Prices shown exclude VAT. (UK tax is not payable for deliveries to United States.)
See Terms & Conditions for p&p rates.
The Romantic Piano Concerto 46 - York Bowen
Hyperion’s virtually single-handed rehabilitation of the music of York Bowen (known in his time as ‘The English Rachmaninov’), continues apace with this recording of the third and fourth piano concertos. Piano Concerto No 3 is a vigorous one-movement work with three well-defined sections of varying tempos in Fantasia style. Bowen’s sparkling performances of it drew plaudits from contemporary critics, who hailed it as his best composition thus far.
The Piano Concerto No 4 (said by Sorabji to be the greatest work for piano and orchestra ever written by an Englishman) is a large-scale Romantic, virtuoso work, impressionistic solo passages alternating freely with Straussian orchestral textures throughout. It was written for a BBC broadcast, and for the composer himself to perform; Bowen considered the work his best composition for the piano and an important addition to the concerto literature. It has not been given a studio recording until now.
The young British pianist Danny Driver, a Bowen specialist, gives a virtuoso performance with the BBC Scottish Symphony Orchestra under Martyn Brabbins.
‘Driver boasts an impressive technique and a clear musical intelligence’ (The Observer)
‘Danny Driver is a thoughtful and musical player and the possessor of a formidable technique … [his] control of dynamic and phrasing were exceptional’ (Musical Opinion)
‘Driver has all the makings of becoming a notable musician—one of integrity and intelligence, commodities all too rare … his naturalness, thinking, and understatement reminded, respectively, of Lupu, Brendel and Curzon’ (The Classical Source)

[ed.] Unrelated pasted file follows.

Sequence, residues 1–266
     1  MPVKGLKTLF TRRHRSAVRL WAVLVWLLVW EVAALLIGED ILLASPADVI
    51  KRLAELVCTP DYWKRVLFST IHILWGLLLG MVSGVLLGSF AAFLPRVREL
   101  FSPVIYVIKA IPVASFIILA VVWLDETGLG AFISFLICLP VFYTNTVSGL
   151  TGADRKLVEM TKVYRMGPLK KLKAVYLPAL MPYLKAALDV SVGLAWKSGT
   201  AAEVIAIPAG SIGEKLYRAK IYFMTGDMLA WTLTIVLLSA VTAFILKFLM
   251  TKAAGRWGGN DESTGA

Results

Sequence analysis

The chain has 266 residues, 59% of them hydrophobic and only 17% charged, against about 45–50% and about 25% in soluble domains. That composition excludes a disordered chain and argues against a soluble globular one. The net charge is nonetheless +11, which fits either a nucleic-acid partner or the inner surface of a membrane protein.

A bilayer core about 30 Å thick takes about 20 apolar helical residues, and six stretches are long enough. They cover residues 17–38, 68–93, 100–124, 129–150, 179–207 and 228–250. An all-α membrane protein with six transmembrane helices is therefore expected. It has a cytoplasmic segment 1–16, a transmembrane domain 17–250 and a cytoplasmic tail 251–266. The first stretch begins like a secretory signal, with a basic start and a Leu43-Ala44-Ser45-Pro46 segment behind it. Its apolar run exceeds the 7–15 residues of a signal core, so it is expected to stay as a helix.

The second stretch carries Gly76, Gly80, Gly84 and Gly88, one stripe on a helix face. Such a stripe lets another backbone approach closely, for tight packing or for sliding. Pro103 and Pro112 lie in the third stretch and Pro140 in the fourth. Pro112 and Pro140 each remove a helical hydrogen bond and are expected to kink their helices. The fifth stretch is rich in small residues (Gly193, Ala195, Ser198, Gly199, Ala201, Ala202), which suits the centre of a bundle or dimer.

“Danny Driver… Brabbins and the punchy Scottish players play Bowen as if he were standard repertoire with the added zest of a live performance. The 1908 four-movements-in-one Third Concerto… with its surging climaxes and souring themes, offers 17 minutes of instant gratification... The much longer... Fourth Concerto (1937) is generally darker in character, no less attractive but even more rewarding. The writing veers between magical impressionism and passionate bravura outburst couched in Straussian orchestral textures. Thrilling stuff.” Gramophone Magazine, November 2008
“The Fourth Concerto of 1937 tells a stronger story. The first movement's smouldering opening at once impresses - as does its recall at the end of the finale, memorably combined with that movement's own themes. The second movement, too, has some wonderful lyrical flights. Danny Driver's pianism is fully and eagerly up to Bowen's considerable demands. He is supported by the BBC Scottish Orchestra's vivid and satisfying contribution.” BBC Music Magazine, March 2009 ****
“Soloist Danny Driver emerges as the virtuoso hero of the hour” Classic FM Magazine
“Absolutely stunning … what a way to be introduced to the music of York Bowen!” American Record Guide
“This disc is the latest and arguably the most impressive so far in the continuing resuscitation of the music of London-born composer-pianist York Bowen (1884–1961).’These two concertos sound more Continental than English, with the single-movement Third (1908) betraying the influence of
Saint-Saëns and the more substantial Fourth (1937) having a Debussy-meets-Strauss late-Romantic palette. Both, though, have enough scintillating character of their own to reward repeated listening, while Danny Driver’s performances are masterly, stylish and full of dazzling pianism” The Telegraph